Heist Society by Ally Carter
|Heist Society by Ally Carter|
|Reviewer: Linda Lawlor|
|Summary: Kat belonged to a family of high-end burglars until she decided to go straight. But someone has stolen some paintings and framed her father, putting his life in danger, and Kat finds herself being pulled back into the world she left behind.|
|Buy? Yes||Borrow? Yes|
|Pages: 304||Date: September 2011|
|External links: Author's website|
A new series from the creator of the Gallagher Girls? Excellent! And this book doesn't disappoint: young people with unusual and highly specialised skills, encountering bad guys and peril with determination and a healthy dose of humour. So, what's the difference from the 'Gallagher Girls'? Well, this time, the heroine and her crew are, um, to put it bluntly, the villains! Except that it's just not that simple. Kat comes from a large family of burglars and art thieves, but she decides she's had enough of the family business and wants a normal life. Sadly, someone else decides that's not going to happen. They should have told her, using your criminal abilities to forge a false identity and get yourself into the best boarding school in the country is not the best way to go straight.
We first see Kat Bishop on the day she is expelled from the Colgan School. The Head's mint-condition 1958 Porsche Speedster has been taken and placed on top of the fountain in the quad with water shooting out of its headlights. And all the evidence points to Kat. Already we have an excellent idea of the tone and style of this book. Situations may be deadly serious, even life-threatening, but the means Kat and her teenage crew employ to deal with them are extravagant, colourful and at times, frankly hilarious. Fortunately she has as a friend Hale, a young billionaire (and possible love interest) who is deeply attracted to her family's criminal life style and ready to supply funds for any caper she might think up. So when a really nasty mobster called Arturo Taccone says her father will die in two weeks if he does not return the paintings he stole in Italy, she is ready to spring into action. She already has a set of passports in different names, and a wealth of training from her parents - starting with the time they took her to the Louvre, aged three, to case the joint. She has friends and family ready to help, and Hale's wonderful servant Marcus, who has a Jeeves-like ability to predict her every need, from a cup of hot chocolate to first-class tickets to Paris at four in the morning.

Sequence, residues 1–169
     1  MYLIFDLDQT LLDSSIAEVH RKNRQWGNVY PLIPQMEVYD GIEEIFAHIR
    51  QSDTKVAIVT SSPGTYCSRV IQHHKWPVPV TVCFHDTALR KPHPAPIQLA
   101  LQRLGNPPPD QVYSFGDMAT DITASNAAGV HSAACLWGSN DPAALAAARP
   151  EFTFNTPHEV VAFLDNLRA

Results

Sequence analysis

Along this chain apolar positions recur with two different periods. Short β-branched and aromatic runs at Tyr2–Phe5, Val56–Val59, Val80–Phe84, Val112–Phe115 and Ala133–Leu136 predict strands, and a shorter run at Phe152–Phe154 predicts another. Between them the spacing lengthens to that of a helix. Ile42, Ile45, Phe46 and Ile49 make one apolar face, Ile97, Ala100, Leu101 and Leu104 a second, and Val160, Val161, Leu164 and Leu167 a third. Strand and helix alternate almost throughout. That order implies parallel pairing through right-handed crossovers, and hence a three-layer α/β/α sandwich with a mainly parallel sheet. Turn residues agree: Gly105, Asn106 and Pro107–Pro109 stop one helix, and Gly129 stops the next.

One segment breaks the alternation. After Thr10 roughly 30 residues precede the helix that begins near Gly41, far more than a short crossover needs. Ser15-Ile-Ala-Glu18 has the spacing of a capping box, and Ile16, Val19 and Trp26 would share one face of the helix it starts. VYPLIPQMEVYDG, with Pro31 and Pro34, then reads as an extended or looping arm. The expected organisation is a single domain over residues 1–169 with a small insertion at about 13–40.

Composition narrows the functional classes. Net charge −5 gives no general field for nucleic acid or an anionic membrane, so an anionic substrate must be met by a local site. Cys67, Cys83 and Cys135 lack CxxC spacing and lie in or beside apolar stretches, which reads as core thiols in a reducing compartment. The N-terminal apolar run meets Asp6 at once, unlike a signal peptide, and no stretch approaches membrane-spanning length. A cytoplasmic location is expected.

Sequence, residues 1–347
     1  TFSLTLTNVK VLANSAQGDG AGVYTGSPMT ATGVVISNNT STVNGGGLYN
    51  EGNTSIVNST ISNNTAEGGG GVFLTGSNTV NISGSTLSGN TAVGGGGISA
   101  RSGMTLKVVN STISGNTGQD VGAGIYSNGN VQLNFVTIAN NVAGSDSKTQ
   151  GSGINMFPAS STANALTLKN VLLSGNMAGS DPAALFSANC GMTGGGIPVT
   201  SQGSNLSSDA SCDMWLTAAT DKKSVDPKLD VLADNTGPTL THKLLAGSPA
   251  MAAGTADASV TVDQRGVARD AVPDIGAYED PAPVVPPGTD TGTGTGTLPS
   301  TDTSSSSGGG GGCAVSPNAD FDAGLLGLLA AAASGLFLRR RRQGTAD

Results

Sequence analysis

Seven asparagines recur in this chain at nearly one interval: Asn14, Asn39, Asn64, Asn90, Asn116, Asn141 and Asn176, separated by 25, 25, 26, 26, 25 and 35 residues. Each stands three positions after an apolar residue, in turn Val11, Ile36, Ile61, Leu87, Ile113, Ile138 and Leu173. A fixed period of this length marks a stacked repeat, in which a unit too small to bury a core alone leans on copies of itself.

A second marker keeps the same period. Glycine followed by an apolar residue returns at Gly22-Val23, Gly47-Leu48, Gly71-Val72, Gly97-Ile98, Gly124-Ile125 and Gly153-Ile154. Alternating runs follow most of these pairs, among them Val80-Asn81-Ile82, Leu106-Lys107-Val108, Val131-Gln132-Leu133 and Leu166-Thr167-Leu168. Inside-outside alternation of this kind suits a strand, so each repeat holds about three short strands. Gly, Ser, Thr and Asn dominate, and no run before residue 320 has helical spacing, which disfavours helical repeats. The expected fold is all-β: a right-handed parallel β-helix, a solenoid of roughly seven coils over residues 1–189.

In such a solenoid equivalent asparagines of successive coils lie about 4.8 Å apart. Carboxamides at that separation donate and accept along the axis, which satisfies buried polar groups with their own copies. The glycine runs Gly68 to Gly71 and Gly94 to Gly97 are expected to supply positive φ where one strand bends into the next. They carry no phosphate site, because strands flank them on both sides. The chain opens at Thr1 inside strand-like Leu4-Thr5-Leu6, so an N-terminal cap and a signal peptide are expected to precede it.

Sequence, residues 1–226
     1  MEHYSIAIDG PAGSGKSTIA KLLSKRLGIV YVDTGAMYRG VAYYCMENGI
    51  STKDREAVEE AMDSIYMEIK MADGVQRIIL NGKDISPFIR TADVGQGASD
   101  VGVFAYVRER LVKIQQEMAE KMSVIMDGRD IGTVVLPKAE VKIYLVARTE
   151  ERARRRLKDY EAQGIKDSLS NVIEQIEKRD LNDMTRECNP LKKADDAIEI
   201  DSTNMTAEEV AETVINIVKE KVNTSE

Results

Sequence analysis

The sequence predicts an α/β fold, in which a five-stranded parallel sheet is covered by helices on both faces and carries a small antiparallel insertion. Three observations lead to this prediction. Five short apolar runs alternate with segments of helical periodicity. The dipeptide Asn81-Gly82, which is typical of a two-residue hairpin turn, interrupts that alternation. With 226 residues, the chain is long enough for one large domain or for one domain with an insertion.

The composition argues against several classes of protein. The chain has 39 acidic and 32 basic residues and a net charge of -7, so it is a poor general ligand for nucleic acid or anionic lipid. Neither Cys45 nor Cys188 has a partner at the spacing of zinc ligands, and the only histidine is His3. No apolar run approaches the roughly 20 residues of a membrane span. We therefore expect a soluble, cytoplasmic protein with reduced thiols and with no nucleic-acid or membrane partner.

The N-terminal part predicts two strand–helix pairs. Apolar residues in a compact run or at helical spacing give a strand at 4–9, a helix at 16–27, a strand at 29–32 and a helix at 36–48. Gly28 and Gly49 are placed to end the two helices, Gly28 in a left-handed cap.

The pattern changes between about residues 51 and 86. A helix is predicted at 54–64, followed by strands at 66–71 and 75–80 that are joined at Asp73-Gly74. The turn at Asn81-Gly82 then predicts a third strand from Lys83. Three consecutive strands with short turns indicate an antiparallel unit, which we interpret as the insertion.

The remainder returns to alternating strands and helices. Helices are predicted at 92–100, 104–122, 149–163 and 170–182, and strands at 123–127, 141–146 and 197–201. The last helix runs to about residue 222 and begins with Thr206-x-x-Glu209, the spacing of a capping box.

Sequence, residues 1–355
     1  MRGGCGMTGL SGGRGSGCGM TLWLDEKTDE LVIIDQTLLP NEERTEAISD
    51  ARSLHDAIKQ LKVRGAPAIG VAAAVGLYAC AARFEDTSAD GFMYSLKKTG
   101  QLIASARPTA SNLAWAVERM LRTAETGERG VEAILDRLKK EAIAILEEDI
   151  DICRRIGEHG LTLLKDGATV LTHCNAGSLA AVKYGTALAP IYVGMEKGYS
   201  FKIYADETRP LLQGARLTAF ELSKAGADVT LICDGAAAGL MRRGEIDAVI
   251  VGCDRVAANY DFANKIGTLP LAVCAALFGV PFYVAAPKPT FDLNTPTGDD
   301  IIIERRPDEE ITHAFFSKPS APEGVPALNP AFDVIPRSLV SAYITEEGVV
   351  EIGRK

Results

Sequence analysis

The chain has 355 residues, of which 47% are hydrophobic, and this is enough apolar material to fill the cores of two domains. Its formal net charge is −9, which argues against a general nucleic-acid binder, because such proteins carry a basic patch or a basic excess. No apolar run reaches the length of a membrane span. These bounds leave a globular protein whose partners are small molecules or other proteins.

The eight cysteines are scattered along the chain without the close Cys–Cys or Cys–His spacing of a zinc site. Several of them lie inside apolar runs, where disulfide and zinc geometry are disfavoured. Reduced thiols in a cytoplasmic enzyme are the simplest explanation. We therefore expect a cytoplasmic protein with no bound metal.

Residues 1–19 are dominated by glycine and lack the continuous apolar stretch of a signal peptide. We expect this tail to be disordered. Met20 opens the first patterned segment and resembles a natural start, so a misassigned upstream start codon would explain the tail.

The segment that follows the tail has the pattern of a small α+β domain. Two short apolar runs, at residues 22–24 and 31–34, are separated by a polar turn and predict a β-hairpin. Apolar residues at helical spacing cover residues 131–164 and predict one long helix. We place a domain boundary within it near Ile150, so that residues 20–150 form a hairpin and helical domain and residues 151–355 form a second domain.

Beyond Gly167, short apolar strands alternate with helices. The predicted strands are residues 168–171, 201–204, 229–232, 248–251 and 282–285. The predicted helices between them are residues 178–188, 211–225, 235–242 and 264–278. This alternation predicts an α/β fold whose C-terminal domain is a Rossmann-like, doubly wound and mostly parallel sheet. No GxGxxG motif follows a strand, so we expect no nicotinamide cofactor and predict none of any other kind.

First problem? Her father didn't steal the paintings, and he can prove it: he was busy stealing a statue from a gallery in Paris at the time. But Taccone refuses to believe that: the theft in Italy has all the hallmarks of Bobby Bishop, and very few people in the world of art theft could have carried out such a daring and dangerous heist successfully. So, Kat and her crew have their work cut out: they have to protect her father, travel the world solving clues to find out who framed him, then work out a way of getting the paintings back. Simple.
A lot of heist movies and crime caper books rely on thrill, high-speed action and slick dialogue. All that is present in this book, but there's more to it than that. Kat is a teenage girl, with all the worries and anxieties and uncertainties that come as standard. She feels inadequate next to her pretty, sophisticated cousin. A cute boy or two make it very hard for her to concentrate on the task in hand. And like many teenage girls, she feels that mixture of affection and irritation for a father who loves her dearly but still sees her as a child (although it has to be said, not many dads rely on George-Clooney charm to get by, and use their child as a distraction or smokescreen when they're involved in a scam or a theft). This book is funny, exciting and intriguing in equal measure, with an original premise, a wicked twist to the plot and a gamut of fascinating characters readers will look forward to meeting again very soon. Don't miss it.
I'd like to thank the publishers for sending a copy to the Bookbag.
Further reading suggestion: If you haven't read the 'Gallagher Girls' series, it's time to start. Try Don't Judge a Girl by her Cover, or I'd Tell You I Love You, But Then I'd Have to Kill You: even the titles are fun.
You can read more book reviews or buy Heist Society by Ally Carter at Amazon.co.uk
You can read more book reviews or buy Heist Society by Ally Carter at Amazon.com.
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